Meal Worm Farming

We micro farm here. Everything is done on a very small scale: small house, small orchard, small vineyard, small flock…you get the idea. To supplement our hens’ protein and to just provide them some treats, we decided to start a meal worm farm. This is actually Deacon’s project.

He began researching the various ways of farming meal worms and then implemented what he thought would work best for our situation.

We bought two small (12 quart, flat) storage containers with lids. Since we have critters (cats and dogs) and no place to put the containers that would be safe from them, we needed lids. He cut out the middle of the lid and duct taped window screen to it which allows for air flow.


He filled one tub with about 2 inches of oats, which he roasted in the oven beforehand to kill any eggs that might be in it. You do not want those eggs hatching and producing moths. That could be a big problem.


Next, we added some meal worms, which technically are not worms at all but larvae of the Darkling Beetle, which I purchased at a pet supply store. We used just 100 worms but it might be a good idea to start with more.

He added some carrot chunks for food and cardboard pieces for shelter and replaced the lid. Carrots need to be replaced ever so often when they begin to dry out. He discovered that the temperature was too cold and there was not enough humidity being produced and the larvae were inactive.


To remedy this, he used a germination mat that was taking up space in our shed. He put the mat under both tubs, then he covered part of the screened top loosely with plastic wrap.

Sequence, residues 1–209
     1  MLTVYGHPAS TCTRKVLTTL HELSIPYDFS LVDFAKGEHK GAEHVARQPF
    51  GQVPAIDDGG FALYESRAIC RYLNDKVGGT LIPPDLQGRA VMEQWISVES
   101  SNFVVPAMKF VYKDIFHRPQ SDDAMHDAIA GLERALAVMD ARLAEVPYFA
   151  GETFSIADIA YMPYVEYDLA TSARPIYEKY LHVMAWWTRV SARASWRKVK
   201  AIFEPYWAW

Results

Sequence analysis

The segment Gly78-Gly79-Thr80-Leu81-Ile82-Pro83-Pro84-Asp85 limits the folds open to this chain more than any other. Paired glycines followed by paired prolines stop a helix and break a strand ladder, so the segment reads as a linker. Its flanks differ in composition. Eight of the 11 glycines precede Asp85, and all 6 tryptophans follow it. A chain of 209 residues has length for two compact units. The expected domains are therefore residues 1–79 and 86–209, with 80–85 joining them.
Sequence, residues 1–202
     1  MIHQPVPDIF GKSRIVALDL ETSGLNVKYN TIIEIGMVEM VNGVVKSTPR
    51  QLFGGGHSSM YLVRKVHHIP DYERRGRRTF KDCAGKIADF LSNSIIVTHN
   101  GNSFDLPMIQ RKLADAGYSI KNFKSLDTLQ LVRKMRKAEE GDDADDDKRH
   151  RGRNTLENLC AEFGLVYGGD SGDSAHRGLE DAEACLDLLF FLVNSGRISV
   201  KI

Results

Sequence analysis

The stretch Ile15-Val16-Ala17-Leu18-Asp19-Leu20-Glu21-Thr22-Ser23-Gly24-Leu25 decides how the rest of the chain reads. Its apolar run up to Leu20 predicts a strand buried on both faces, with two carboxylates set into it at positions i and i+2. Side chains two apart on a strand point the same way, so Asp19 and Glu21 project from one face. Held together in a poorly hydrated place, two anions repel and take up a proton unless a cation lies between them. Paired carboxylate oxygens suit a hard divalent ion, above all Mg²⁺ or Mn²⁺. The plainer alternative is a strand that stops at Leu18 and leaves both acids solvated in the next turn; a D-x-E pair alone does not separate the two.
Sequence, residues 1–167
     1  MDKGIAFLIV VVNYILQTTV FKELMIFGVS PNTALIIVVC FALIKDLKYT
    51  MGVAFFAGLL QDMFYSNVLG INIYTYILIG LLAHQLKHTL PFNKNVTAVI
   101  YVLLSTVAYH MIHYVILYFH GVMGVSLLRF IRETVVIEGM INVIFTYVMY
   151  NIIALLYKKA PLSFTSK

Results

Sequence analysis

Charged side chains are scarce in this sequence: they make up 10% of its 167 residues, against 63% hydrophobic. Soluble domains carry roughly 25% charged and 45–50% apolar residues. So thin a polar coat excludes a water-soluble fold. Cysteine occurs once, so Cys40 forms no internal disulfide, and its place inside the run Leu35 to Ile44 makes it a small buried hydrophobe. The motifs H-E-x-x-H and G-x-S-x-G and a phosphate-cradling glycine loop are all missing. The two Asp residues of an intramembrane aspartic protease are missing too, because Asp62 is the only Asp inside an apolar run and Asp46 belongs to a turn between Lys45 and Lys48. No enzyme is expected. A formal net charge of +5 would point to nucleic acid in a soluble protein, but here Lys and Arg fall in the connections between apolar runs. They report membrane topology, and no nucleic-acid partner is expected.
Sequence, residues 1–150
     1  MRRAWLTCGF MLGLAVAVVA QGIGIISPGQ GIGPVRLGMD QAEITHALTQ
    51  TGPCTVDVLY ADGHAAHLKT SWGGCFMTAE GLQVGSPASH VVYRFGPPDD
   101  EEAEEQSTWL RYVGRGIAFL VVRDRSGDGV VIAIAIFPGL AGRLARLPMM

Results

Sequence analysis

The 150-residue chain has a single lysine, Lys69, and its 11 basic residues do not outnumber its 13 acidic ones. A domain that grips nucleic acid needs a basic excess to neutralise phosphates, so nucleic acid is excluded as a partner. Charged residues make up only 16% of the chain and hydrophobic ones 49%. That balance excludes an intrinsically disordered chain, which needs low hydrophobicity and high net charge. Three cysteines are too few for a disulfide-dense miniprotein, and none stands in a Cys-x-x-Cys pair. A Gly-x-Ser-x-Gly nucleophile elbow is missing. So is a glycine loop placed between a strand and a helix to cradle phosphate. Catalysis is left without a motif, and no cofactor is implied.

The larvae became much more active. As pupae develop, he moved them into the next container. Once he had several pupae, he fed the remaining worms to the chickens. The pupae develop into beetles and that’s where the magic happens as they procreate and lay a whole bunch of eggs that will turn into larvae that will become food for the hens. They must be removed quickly though as the beetles will eat them.

At this time we are at abundant beetle stage. We will need to purchase one more container to finish out this process. But it never really finishes. We will continue to provide a steady supply of meal worms for the hens.


If you are interested in meal worm farming for your hens, this is incredibly easy to do even in a very small space.

There are different methods so a little research will help you develop the best one for you.

Happy Meal Worm Farming!



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